How To Learn Turkish In Online Chat Rooms

When you set out to learn a new language, usually there are books, or tapes, or other learning materials to guide you through the basics — not enough to actually get you to fluency, but usually enough to give confidence to start a conversation.

However, when you're learning without any learning materials, getting to that first conversation can be a daunting task! You have no idea what to say, of course. And unless you move to Turkey (or wherever they speak the language you're learning), you're probably not going to be surrounded by enough conversations to start picking up on what people say. So what do you do?

The answer is actually pretty simple: you find chat rooms. Chat rooms offer you a place where you can see the language being used as it really would, with variety and slang, but at a slightly reduced pace and with the benifit of a transcription, so you can go back and look things up!

Chat rooms also allow you the gift of anonymity. Often, people are afraid to try out a new language because they're afraid of what people will think of them when they make a mistake. Personally, I think it's a not worth worrying about, but I understand that this thought exists, and fortunately, chat rooms can fix this for you!

If you make a mistake and offend people, all you have to do is log in next time with a different name, and you start with a clean slate. If you have trouble getting people to talk to you, you can use a girl's name. If you want to learn proper terms of respect you can add a title (like "Dr") to your name. The possibilities are endless!

I've been lurking in Turkish chat rooms, watching what happens and what people say, occasionally typing the things I see into Google Translate.

When a new user enters the chat room, I see the announcement odaya girdi. Then, almost like clockwork, that person opens with the greeting selam.

Others may greet the new user. Maybe someone will use nasılsın, to ask how are you. Answers to this question an not at all predictable, and seem to be a far more honest assessment than what we're used to in English (eg: one person's response was "my teeth are causing me trouble"). Then, as if following a script, the person who answered will then ask in return sen?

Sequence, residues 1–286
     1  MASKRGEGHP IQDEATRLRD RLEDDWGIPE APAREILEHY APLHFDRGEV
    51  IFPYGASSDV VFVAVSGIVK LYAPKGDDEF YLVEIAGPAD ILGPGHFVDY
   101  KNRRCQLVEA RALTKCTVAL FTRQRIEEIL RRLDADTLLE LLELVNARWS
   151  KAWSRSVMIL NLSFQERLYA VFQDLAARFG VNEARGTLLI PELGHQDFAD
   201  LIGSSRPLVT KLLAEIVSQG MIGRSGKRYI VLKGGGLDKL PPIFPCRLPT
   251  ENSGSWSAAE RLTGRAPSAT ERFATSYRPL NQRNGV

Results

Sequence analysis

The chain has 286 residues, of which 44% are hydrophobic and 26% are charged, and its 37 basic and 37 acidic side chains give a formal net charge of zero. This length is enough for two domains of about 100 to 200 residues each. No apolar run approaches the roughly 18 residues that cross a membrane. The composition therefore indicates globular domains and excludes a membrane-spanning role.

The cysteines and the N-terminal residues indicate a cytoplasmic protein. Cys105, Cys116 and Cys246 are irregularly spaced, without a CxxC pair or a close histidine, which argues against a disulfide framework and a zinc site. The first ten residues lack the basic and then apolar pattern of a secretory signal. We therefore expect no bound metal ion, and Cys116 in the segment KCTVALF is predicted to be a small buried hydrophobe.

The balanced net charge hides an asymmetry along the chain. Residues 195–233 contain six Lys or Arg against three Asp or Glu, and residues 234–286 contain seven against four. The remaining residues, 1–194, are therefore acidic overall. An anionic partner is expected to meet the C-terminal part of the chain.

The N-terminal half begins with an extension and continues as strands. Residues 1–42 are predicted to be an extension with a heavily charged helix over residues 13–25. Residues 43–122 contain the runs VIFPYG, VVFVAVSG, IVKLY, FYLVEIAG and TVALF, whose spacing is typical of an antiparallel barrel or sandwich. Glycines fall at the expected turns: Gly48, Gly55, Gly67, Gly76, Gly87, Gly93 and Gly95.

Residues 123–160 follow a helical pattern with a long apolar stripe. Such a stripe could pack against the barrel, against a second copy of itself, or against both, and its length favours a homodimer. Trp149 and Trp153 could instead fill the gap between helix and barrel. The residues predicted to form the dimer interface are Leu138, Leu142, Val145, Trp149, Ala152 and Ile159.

A clever observer will notice here that the word sen, which means "you", is also the ending being used on various declensions or conjugations (I'm not sure which) like "nasılsın" (how are you?). Sure enough, when I put nasıl into my Turkish dictionary, it translates as "how". So nasıl + sen = nasılsın,_ or "how [are] you". Exciting... we're learning!

After a while, someone will say hoşcakalın, which is "goodbye". Then, the chat room announces that this person çıkış yaptı, or "left". Literally, word by word, this means "made an exit". (As in the photo, I remember seeing the word chiqish written on exits in Uzbekistan, so remembering çıkış isn't going to be hard for me.)

I'm going to do a little more of this kind of observation, just to prepare myself with a few likely responses to this kind of small talk, but then in a few days, I'll start trying out some of this myself. Obviously I won't be able to have much of a conversation, but I can start by getting the feel for asking and answering basic greetings in Turkish. And then I'll be fast on my way to learning and speaking this language!

Author: Yearlyglot
I'll lead you through a 12 month journey from knowing absolutely nothing about a language to having professional fluency.

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  • My opinion might be biased by observing Russian chat-rooms, but I always had an impression that in chats people do not use proper spelling and grammar. Especially when lots of slang actually based on deliberately typing the words incorrectly. Don't know if you are familiar with it or not. Like, when they say "превед" instead of proper "привет", for example. Without an insight into how the first version of the word was born, it'll just give a wrong idea about the language to a person.While not an issue if you are fluent or, at least, experienced in a language, I feel it might cause a problem if you just discovering one. Or at least stir in the wrong direction, when you researching a word which might be spelled improperly.